Writing, in the end, has much to do with story. At least for me. The story of having lived and loved. The story of seeking the beautiful. The story of gratitude for finding it, in all of life’s brilliant facets and sparks, even in the shadows. There would not be shadows if there were no light. It is there, always there, for the capturing.

And so I write.

Necklace given to me by my father. Years later, it still shines.

Spiritual Journey: Revenants

with thanks to Chris Margocs for hosting October’s Spiritual Journey Thursday. Chris invites our group to write about those who have passed and left something behind in our hearts, in preparation for the upcoming holidays of All Hallows Eve, All Saints Day, and All Souls Day. She says: “As a person of Celtic heritage, the idea of the thinning of veil between here and the hereafter on these days intrigues me…”

—Me, too, Chris.

*******

The stirrings begin with the first breaths of cooler air.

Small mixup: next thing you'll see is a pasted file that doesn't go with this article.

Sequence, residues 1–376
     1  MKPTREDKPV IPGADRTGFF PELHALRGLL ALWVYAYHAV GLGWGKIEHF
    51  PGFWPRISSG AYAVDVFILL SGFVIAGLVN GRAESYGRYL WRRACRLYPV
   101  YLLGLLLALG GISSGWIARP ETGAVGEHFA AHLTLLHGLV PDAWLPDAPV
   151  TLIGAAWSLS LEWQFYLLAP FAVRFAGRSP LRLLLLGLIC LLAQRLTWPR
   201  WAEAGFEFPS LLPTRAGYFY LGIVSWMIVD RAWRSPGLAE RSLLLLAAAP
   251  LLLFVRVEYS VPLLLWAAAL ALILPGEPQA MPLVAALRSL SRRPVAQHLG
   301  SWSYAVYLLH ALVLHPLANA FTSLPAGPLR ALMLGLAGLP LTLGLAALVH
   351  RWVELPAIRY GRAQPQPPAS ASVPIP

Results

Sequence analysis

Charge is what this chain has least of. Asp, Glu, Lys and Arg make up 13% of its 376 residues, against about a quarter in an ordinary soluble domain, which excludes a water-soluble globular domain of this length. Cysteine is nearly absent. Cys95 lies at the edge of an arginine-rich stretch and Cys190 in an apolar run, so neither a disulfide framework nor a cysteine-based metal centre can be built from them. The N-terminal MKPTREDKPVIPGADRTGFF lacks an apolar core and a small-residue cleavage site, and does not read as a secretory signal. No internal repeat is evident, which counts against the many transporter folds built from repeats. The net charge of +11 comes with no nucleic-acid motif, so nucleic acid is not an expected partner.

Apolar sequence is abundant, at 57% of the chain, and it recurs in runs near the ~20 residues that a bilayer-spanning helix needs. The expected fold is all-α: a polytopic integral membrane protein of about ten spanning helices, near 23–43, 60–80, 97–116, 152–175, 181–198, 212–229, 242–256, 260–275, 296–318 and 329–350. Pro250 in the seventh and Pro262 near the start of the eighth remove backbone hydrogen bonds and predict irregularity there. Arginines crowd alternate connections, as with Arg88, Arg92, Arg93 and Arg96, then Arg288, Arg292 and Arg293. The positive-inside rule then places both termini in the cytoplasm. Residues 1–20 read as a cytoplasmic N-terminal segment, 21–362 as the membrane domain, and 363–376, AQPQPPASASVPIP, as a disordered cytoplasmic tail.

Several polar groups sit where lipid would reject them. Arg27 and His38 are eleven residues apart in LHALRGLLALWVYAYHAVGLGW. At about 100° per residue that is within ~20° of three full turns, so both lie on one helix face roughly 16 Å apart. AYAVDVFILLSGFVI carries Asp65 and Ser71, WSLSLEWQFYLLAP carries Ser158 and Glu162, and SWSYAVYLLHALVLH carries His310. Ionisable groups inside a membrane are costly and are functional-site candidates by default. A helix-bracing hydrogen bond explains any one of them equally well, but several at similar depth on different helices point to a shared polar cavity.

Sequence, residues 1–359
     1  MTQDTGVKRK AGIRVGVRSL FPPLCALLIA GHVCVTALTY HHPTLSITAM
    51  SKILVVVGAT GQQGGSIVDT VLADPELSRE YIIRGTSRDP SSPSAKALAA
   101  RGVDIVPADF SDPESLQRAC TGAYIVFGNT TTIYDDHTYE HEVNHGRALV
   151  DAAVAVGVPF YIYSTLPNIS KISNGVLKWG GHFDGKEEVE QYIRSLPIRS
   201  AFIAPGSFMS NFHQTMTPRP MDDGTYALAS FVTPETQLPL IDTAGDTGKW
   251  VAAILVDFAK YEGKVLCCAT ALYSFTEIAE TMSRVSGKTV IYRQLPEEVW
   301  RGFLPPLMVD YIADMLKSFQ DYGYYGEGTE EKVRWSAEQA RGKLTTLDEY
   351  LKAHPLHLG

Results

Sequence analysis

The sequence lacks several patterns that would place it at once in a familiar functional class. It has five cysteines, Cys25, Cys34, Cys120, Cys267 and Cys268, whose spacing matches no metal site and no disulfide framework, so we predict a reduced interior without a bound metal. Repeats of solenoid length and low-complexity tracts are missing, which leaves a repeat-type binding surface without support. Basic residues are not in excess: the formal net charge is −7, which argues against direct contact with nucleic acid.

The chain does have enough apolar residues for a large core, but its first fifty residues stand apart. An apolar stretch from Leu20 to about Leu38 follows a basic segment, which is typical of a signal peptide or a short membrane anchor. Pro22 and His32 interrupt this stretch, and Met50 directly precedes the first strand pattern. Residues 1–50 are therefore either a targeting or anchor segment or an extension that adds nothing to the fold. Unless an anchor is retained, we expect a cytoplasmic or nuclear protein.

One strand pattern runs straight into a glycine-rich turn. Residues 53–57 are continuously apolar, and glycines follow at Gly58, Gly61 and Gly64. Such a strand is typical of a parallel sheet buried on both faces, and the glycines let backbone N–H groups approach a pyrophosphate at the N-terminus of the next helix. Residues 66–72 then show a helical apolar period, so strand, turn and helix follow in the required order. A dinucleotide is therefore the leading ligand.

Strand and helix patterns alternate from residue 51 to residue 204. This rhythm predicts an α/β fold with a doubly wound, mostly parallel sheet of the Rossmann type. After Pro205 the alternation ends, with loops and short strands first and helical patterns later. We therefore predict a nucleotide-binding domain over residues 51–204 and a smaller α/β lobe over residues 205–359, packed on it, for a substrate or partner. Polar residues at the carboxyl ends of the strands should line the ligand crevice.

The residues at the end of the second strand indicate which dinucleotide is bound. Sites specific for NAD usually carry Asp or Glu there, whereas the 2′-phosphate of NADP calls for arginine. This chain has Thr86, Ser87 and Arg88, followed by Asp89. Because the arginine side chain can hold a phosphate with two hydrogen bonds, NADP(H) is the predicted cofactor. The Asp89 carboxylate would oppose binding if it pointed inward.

As September gives way to October, while the trees and grass are still green, before any obvious turnings of yellow, orange, or fiery red, they appear.

I sense them most often at doorways. Portals.

There, on weatherworn sidewalks, a smattering of fragments from dead leaves surreptitiously dropped—I can never tell exactly from where—comes to life just as I approach. A soft rattling, a lifting, a sudden swirling… the upswept pieces begin dancing in a circle.

Fairies, I think.

And then I think, Children.

Small children delight in collecting such things, bits of leaves, tiny twigs, acorn caps, a butterfly’s bright-patterned wing, cicada shells. Nature’s cast-off scraps of life. In the hands of a child, they become treasures, magical objects, if only for a moment, in the mind of the child.

Watching the leaf-bits dancing in a circle, round and round and round again, I wonder if invisible children are at play. I almost want to linger long enough to hear them laughing…for there’s a stab of joy in it that I cannot explain, a piercing longing, a wild freedom…why should I perceive these things?